Additive manufacturing is becoming a highly influential force in a number of industries, from food production to fashion and health care. Fantastic 3D printed projects are popping up in the visual arts as well, but very little has been said about how musicians are using 3D printing to enhance their work. In this Maker Tale we will explore Fello - a project that mixes the creative genius of electronic music composer Andi Otto with great engineering skills and 3D printing.
Meet Andi Otto
Andi Otto is a composer and electronic musician from Hamburg, Germany. He has been performing internationally under the name Springintgut for over 12 years. Though he is a classically-trained cellist and drummer, Otto decided to test the limits of traditional instruments using new media early on in his career. His first live shows featured a self-built drumkit with books and contact microphones. Most recently, he’s been experimenting with “Fello,” a modified cello made with an accelerometer and a pressure sensor attached to the bow.
How does Fello work?
Fello is a performance instrument that exists somewhere between a cello and a laptop. It uses an accelerometer and a pressure sensor on the bow to measure arm movement and finger pressure, and interact with live-sampling audio software. This sensory input is amplified and transmitted to the audio software using a minibee. The sensor data is then mapped to filters and delay units. Delays are heavily used in dub music and other forms of electronica and can repeat sounds at different speeds. Andi uses them to play timbral music or create rhythmical patterns.
Fello also includes an LED feedback system. The LED is hard-wired to the accelerometer and provides visual feedback about the angle of the sensor in RGB color. This allows Andi to play different notes with bow gestures and identify pitches by color. Incidentally, it also makes clear to the audience that Andi’s cello is a hybrid between a traditional instrument and digital technology.
The project has been in development since 2005 and a number of enhancements has been made across the years. Recently, a lightweight removable case was printed through 3D Hubs in order to attach the sensors, battery and LED to the bow. This made it possible to make the device function without damaging the bow with glue or making extensive modifications.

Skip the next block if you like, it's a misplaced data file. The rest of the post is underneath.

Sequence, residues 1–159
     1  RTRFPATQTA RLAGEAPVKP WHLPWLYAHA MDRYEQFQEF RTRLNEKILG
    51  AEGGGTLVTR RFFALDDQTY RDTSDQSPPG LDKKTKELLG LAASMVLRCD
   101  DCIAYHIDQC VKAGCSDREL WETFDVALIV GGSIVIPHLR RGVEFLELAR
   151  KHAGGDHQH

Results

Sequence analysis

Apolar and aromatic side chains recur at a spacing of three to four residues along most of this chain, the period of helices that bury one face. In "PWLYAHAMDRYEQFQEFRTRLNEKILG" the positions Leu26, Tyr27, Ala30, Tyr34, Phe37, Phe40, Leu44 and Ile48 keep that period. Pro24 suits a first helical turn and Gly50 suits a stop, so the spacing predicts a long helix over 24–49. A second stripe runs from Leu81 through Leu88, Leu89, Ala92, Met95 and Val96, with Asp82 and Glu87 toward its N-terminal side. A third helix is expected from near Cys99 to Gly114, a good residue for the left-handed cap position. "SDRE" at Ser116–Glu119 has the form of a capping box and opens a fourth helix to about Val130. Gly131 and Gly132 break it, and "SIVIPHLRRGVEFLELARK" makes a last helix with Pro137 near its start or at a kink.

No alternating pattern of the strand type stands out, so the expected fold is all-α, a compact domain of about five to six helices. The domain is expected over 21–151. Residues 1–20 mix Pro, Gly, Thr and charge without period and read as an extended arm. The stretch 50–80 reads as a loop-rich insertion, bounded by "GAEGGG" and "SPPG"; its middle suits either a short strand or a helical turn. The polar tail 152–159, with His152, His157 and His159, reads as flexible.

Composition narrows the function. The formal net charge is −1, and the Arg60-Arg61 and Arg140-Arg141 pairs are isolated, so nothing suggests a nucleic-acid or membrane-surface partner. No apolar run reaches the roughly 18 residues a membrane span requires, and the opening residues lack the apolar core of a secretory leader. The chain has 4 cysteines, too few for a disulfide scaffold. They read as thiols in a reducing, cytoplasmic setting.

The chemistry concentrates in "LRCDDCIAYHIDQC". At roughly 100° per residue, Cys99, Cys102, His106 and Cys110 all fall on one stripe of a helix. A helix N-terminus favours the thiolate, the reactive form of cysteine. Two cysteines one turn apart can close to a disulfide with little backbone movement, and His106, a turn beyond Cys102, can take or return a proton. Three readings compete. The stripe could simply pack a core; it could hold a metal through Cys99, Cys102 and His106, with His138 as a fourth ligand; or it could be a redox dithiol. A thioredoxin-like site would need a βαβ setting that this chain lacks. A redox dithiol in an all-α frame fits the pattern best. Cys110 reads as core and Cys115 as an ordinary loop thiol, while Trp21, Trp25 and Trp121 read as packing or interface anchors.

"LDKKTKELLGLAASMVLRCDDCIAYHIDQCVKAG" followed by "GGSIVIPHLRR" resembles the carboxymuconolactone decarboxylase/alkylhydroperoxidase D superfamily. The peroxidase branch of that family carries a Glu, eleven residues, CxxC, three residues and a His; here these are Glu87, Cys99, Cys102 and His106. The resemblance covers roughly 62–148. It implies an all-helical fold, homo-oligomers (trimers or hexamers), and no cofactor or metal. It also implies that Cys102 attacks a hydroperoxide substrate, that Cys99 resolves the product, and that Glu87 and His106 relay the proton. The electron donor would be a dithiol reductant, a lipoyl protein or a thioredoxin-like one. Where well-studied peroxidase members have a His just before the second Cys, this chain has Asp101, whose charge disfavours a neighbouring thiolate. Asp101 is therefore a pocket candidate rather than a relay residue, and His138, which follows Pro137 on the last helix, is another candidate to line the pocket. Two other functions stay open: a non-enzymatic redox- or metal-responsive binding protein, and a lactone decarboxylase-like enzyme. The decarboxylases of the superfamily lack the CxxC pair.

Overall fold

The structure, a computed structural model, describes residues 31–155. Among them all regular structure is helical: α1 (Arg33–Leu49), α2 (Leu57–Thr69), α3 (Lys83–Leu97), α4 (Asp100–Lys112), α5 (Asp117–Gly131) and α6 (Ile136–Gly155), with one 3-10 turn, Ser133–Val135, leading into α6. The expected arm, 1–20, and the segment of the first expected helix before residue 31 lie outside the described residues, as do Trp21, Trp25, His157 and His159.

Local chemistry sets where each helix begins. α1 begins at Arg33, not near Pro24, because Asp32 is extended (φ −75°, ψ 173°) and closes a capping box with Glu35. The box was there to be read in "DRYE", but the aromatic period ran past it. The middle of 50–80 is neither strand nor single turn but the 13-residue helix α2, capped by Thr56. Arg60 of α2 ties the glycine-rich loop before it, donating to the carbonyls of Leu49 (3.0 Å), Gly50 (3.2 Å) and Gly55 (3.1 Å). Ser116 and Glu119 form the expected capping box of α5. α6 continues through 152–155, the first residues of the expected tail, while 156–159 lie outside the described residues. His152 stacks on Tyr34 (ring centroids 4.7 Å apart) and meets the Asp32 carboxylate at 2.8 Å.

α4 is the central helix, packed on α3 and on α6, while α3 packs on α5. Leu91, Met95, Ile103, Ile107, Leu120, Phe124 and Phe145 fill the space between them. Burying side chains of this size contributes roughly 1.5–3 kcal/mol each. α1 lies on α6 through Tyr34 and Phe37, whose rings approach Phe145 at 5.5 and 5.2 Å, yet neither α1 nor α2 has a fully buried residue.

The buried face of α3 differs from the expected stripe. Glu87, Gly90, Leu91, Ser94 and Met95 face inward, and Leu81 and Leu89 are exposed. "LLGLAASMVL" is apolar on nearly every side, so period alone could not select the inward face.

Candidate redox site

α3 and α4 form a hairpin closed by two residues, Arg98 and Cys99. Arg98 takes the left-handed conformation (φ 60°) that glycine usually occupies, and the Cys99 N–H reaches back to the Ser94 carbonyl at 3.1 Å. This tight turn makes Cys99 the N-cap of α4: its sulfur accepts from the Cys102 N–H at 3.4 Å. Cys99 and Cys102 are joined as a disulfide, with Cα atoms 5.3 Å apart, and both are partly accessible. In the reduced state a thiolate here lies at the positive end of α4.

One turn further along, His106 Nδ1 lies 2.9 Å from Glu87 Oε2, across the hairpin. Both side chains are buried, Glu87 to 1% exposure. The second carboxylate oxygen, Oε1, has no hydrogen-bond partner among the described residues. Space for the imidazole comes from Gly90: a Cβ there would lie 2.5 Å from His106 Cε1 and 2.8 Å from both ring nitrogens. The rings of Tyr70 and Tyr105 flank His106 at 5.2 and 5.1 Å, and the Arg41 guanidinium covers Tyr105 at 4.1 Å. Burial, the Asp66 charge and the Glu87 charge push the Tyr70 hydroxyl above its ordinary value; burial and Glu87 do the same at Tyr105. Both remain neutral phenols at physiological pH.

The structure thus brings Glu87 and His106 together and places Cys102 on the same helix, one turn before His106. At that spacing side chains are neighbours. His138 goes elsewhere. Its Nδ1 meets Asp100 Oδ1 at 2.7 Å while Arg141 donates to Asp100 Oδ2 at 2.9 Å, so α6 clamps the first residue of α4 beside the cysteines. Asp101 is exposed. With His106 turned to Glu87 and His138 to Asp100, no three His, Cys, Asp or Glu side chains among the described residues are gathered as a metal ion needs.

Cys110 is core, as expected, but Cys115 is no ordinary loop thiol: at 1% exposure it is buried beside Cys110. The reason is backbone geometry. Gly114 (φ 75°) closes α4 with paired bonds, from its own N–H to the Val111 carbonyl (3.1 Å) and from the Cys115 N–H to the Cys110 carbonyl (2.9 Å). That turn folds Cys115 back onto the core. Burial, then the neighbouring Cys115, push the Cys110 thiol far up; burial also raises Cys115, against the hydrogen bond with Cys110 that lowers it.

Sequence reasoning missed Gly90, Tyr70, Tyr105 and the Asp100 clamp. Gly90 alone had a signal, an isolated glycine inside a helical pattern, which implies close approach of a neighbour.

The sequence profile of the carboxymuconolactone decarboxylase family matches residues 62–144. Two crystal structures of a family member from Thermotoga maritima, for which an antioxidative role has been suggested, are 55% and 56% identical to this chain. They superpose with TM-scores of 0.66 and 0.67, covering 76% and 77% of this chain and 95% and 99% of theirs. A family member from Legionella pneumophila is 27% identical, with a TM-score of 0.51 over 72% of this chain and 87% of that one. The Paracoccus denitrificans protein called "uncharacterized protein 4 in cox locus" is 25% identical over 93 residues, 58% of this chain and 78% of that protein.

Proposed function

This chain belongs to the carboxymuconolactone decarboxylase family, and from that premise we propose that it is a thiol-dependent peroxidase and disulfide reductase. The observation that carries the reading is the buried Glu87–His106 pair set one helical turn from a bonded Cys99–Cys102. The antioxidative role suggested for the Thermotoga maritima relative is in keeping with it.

The latest improvements to Fello were made with the help of STEIM engineer Marije Baalman and systems designer Chi ha ucciso il Conte?. STEIM (the Amsterdam-based Studio for Electro-Instrumental Music) helps artists like Andi in the design of their projects’ physical components. STEIM’s Chi ha ucciso il Conte? is no stranger to 3D printing, having used the technology before to produce other unique objects. In his own words: “3D printing enables me to produce refined parts and products (nearly industrial quality) on demand. Fitting handcrafted circuits into a device can also be very tricky, with 3D modelling and printing I have almost complete freedom in shaping my designs. The technology was of great help in Fello and other projects.”
With Fello, Andi is able to create playful and experimental compositions while re-learning how to master an instrument with his entire body. “I prefer sweat and aching muscles over a headache after a day of making music,” says Andi. “Most electronic music that we hear is the result of brain work on a screen, not instrumental. I wanted to create something with no manual, which would enable me to discover new ways to play and compose electronic music. Sometimes the playing really starts when I lift the bow off the strings and play in the air. Fello also adds a more expressive, almost dramatic, tone to my performances. In fact, many choreographers have asked me for collaborations since I’m making funny moves on stage.”
Where does Fello stand now?
After playing live on stage with Fello for a number of years, Andi finally took the device to his studio in 2013. It appears on many tracks of his latest Springintgut album, Where We Need No Map. “For a very long time, I thought that Fello was only suitable in a live performance context, where people see and feel how the sound is being produced through my motions. Making recordings has been really rewarding. I have used ideas which I collected on tour through India (listen to “Bangalore Kids” below) and Japan (listen to “Ode To Yakushima”), and composed Fello tracks around that material. The project is always taking me to new places.”
Like Andi’s page on Facebook to learn more and follow his upcoming tour in Japan!